At a sub national level, nearly 1,000 cities and councils came together in Paris to sign their own declaration. The Paris City Hall Declaration pledges to meet and exceed

the expectations put forward by the Paris agreement and sets a target of reaching 100 per cent renewable energy, or an 80 per cent emissions reduction by 2050.4 With
its commitment to achieve net zero emissions by 2050, South Australia became the rst Australian state to sign on to the “Under 2 MOU”.

Major announcements also came from the nancial sector in Paris. Mark Carney, the Governor of the Bank of England and Chair of the G20’s Financial Stability Board, the world’s core prudential nance regulators, announced a new global taskforce aimed at highlighting the nancial exposure of companies to the risk of climate change.
The taskforce will be led by former New York City Mayor, Michael Bloomberg.

Australia in Paris

Australia was mostly constructive in the Paris negotiations. It supported keeping global warming well below 2°C, and to pursue efforts to limit the temperature increase to 1.5°C, and placed a high focus on the extremely important aspect of regular ve yearly reviews.

Australia made a number of announcements. The headlines were announced by the Prime Minister on the rst day of the meeting, highlighting the need to achieve net zero emissions. The government also announced that Australia will become a member of the 20-country ‘Mission Innovation’ initiative, will ratify the second commitment period of the Kyoto Protocol and contribute at least $1 billion over ve years to help the world’s poorest nations participate in climate change solutions. These were positive early steps.

However, Australia’s climate nance contribution falls short of our commitment to scale up contributions towards the collective goal of US$100bn by 2020 reinforced in the Paris agreement. It also matches our annual contributions from 2010-13, while other countries like Canada, Germany and the UK are at least doubling support.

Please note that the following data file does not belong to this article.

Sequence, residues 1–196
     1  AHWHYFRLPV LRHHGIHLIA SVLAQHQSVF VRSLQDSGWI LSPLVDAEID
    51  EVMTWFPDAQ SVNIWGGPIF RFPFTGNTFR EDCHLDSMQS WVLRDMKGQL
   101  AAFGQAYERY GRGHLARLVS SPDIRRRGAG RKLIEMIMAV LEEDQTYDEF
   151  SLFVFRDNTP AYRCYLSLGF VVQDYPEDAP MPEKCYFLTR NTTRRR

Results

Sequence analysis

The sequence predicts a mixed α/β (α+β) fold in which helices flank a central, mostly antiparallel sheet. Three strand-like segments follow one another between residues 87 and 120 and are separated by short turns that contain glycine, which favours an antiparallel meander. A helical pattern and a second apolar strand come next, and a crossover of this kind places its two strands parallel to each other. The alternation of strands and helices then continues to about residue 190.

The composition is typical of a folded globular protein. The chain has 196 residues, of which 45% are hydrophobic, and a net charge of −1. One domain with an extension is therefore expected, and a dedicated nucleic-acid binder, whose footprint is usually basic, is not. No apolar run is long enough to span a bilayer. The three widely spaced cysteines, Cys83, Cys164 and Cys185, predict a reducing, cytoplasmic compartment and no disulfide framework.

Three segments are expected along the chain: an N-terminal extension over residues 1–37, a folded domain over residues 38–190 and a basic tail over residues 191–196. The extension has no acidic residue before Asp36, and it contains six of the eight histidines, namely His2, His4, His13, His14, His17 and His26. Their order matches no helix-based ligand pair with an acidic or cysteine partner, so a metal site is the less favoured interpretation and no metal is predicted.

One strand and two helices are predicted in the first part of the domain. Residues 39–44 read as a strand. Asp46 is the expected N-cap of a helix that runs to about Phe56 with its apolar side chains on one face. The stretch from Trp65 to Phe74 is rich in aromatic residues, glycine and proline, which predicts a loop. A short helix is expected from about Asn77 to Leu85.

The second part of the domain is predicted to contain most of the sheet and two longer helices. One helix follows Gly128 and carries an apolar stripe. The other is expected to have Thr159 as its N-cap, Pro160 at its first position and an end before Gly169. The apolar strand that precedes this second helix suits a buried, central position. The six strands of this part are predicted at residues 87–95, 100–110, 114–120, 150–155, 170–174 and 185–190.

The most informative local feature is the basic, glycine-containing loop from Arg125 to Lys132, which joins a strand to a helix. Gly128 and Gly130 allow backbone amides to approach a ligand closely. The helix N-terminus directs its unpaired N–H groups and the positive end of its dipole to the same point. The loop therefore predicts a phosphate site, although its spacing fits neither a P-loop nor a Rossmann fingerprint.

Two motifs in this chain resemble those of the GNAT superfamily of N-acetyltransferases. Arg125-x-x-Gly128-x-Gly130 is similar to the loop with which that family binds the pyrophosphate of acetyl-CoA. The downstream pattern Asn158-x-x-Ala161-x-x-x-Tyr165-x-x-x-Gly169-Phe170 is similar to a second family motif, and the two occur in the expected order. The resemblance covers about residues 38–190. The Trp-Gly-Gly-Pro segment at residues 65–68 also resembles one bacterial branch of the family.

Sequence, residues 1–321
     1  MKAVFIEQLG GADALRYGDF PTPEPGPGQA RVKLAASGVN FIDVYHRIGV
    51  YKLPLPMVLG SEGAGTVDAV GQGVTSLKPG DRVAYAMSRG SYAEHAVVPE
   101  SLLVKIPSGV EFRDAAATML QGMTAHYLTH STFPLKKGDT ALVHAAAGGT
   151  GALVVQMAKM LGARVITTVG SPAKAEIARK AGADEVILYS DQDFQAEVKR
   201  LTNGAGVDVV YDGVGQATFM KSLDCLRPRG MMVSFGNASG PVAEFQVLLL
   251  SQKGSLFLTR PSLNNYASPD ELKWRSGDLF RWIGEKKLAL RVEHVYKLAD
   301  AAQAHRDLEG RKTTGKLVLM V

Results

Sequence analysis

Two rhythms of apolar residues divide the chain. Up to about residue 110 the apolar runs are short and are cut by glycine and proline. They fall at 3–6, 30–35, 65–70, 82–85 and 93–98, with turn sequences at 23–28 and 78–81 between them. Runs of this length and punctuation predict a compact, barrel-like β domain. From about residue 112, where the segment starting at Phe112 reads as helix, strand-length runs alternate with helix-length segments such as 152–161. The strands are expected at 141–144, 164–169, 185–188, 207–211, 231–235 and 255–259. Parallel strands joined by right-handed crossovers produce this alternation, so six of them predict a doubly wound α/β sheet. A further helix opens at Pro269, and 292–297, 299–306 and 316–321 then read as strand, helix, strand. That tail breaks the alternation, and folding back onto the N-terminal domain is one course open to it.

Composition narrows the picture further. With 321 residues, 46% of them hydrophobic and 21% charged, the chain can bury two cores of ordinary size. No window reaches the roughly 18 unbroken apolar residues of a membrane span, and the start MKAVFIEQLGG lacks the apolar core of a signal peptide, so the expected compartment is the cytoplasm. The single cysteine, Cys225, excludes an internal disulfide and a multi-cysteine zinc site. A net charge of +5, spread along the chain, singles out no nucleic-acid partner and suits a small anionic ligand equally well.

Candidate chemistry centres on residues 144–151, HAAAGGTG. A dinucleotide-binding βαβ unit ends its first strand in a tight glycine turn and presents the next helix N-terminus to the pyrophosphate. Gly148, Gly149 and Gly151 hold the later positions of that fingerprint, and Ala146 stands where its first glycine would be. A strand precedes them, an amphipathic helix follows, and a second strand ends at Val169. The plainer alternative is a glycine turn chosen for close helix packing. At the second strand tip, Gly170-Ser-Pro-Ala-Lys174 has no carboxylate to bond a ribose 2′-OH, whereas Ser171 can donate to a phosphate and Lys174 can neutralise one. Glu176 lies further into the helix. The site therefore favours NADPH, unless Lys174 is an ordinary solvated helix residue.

Australia disappointingly did not sign on to a fossil fuel subsidy communique being promoted by New Zealand. They refused to do so expressing concern about the communique’s recognition of the need to include public health, as well as other social and environmental costs, when analysing fossil fuel subsidies. This is known at the “social cost of carbon” and is applied by the International Monetary Fund, UK and US in decision making.5

Australia also announced its support for other rainforest, savannah and “blue carbon” (mangrove, sea grass,
etc.) initiatives which are important natural sinks for greenhouse gas emissions. Like our woodlands, in which land clearing is once again escalating in Queensland, they can also be sources of greenhouse gas emissions if they are destroyed or poorly managed.

Australia joined the High Ambition Coalition of nations spanning Paci c Islands, African nations, Brazil, Europe and the U.S. While not a formal negotiating bloc, this Coalition, led by the Marshall Islands’ Foreign Minister Tony de Brum, provided crucial momentum and ballast against those seeking to obstruct progress.

Paris outcomes

Stronger than expected global warming goals

Countries agreed to not only keep the previously agreed less than 2°C goal in sight, but also to pursue avenues to keep warming below 1.5°C. This is a safer limit for low lying islands and other highly vulnerable countries. Countries will need to show how their target is a fair contribution to meeting the 1.5-2°C goal.

All countries agreed on aiming to reach global peak greenhouse gas emissions as soon as possible, and to undertake rapid reductions thereafter, in accordance with best available science. They recognised the need for net zero emissions, but didn’t use that exact term. Rather they agreed to: “achieve a balance between anthropogenic emissions by sources and removals by sinks of greenhouse gases in the second half of this century”.6

Yet science suggests that all greenhouse gases would need to be at net zero by 2050 to have a chance at avoiding 1.5°C warming. To have a chance of avoiding 2°C, we would need to be at net zero between 2060 and 2070. Carbon dioxide (CO2) emissions from energy and industry, which last longer in the atmosphere, would need to be at zero earlier than other gases.

A universal and durable agreement requiring actions from all countries

Key elements of the agreement include its durability and processes of review. The Paris Agreement will be more than a one-off deal – all countries have agreed to an enduring regime that ramps up action over decades. This contrasts with previous agreements that had to be renegotiated every decade or so.

The agreement sets up a ve yearly ‘stocktake’ of global progress, which will inform the submission of stronger commitments countries will make every ve years, as demonstrated in Figure 2. Each updated target must be a progression of action over the last one, and re ect each country’s best efforts. Countries have also been invited to develop long-term national emissions targets for 2050, by 2020, so that business and communities have a clear pathway for planning.